Whether you’ve dabbled in gardening before or your only experience with plants is the plastic kind that have been in your grandparents’ living room since before you were born, it’s relatively easy to get some gardening basics under your belt. If you’re itching to plant an herb garden or simply beautify your yard with flowers, we have some simple pointers that will help you get started — and maybe even make the neighbors jealous.
Start with ceramic pots
If you live in an apartment or a house on a small lot with no tillable real estate, invest in a few clay pots of various shapes and sizes for your porch or balcony. You can grow herbs and many different types of flowers to give some life to what outdoor space you do have — and, if you eventually move on to more fertile land, you’ll already be a pro.
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Take it slow
When you decide to start a new garden, you might be eager and excited to get stared. However, with the warm weather of spring upon us, it’s more important than ever to have patience.
Before you start to plant, survey your land or space and decide what to plant in the various areas of your garden. Then, spend a few hours planning and preparing both the soil and the seeds or plants. While it’s easy enough to dig holes in the ground and toss some plants inside, it takes more precision to create a thriving, healthy garden.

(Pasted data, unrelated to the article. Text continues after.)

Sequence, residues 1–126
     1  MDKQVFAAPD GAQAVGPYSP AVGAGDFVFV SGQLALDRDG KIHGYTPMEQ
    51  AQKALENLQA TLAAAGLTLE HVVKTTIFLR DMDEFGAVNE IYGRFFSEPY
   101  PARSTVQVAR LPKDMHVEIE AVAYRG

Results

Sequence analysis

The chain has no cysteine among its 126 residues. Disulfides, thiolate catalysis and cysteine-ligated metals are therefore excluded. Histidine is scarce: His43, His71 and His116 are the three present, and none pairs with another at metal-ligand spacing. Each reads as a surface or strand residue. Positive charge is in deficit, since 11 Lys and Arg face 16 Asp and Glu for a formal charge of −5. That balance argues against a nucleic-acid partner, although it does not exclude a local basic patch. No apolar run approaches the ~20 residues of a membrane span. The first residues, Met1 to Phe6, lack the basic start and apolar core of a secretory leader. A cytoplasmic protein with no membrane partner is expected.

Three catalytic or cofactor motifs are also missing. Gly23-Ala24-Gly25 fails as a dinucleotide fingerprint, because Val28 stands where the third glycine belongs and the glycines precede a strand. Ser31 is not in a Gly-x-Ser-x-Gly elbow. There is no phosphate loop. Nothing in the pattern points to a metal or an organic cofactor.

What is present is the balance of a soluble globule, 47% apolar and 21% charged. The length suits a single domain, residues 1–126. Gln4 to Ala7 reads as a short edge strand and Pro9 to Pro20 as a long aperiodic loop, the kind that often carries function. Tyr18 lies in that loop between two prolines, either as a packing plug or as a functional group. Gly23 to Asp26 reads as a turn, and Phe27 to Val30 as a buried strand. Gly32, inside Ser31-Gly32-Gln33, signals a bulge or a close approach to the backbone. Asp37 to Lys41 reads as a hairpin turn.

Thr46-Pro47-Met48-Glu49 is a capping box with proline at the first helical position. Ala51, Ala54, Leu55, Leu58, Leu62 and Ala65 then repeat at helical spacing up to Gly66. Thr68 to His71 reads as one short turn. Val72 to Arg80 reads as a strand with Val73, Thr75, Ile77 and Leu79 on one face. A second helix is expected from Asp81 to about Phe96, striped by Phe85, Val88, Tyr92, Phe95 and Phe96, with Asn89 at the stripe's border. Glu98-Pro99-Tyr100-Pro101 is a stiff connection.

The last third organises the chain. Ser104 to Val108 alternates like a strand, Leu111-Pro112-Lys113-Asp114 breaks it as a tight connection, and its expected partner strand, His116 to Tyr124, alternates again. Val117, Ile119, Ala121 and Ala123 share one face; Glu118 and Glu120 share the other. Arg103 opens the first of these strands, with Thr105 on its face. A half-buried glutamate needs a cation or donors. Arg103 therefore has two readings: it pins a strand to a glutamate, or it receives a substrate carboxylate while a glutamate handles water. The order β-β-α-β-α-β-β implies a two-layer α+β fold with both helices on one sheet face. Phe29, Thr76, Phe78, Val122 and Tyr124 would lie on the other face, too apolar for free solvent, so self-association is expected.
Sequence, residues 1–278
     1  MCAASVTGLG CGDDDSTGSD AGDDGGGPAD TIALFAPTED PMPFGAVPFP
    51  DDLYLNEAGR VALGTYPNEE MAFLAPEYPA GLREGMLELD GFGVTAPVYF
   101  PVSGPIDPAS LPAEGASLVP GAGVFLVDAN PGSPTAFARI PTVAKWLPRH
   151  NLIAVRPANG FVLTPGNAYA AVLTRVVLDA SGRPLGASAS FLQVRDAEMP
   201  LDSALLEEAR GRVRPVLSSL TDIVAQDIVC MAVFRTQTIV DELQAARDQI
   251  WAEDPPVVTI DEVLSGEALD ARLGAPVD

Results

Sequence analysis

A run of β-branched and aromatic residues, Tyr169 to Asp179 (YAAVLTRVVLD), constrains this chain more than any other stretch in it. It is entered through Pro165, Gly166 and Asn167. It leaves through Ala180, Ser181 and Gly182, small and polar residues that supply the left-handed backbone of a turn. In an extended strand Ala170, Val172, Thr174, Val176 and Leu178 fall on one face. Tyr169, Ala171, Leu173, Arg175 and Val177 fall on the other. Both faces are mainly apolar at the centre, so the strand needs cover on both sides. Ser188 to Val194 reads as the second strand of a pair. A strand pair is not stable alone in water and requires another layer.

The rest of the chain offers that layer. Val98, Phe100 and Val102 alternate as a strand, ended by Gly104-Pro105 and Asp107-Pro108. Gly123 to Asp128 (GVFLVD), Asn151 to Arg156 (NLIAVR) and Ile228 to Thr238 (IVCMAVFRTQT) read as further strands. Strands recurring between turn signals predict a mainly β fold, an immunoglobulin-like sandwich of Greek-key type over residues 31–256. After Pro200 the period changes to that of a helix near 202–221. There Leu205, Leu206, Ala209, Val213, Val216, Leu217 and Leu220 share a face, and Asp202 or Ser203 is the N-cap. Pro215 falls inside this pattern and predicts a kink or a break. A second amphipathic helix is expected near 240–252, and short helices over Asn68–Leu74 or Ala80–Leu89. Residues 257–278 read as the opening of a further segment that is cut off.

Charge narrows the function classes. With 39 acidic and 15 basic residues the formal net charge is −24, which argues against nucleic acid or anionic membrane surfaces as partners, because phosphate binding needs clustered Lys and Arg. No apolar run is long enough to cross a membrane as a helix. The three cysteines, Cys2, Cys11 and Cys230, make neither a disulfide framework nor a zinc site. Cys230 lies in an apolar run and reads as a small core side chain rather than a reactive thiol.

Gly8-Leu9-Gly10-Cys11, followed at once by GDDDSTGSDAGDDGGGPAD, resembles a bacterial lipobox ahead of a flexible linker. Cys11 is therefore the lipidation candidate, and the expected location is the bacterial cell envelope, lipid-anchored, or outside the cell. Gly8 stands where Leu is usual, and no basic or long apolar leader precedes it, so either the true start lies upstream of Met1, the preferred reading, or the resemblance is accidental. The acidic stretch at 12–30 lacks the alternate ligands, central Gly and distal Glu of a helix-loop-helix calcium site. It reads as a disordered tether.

Listen to mother nature
It’s very important to learn to work with nature when you’re gardening. Certain types of of flowers thrive in the sun while others need some protection from direct sunlight. If you aren’t able to be flexible with nature, you might find that you need certain types of fertilizers to restore the balance — and those can be harmful to the environment. Let Mother Nature guide you and you’ll save yourself a great deal of time and money.
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Enrich your soil
Just as some soil is healthier than others, soil differs in various parts of the country. If you have soil full of sand or silt, add a combination of topsoil or compost — or other organic matter — to enrich it. If you have too much clay in your soil, opt for some sand and peat moss. Although some gardeners advise never adding sand to soils, other experts suggest using it in addition to organic matter. If you experience soil erosion, be sure to line your garden with landscape timber or stones to prevent soil loss.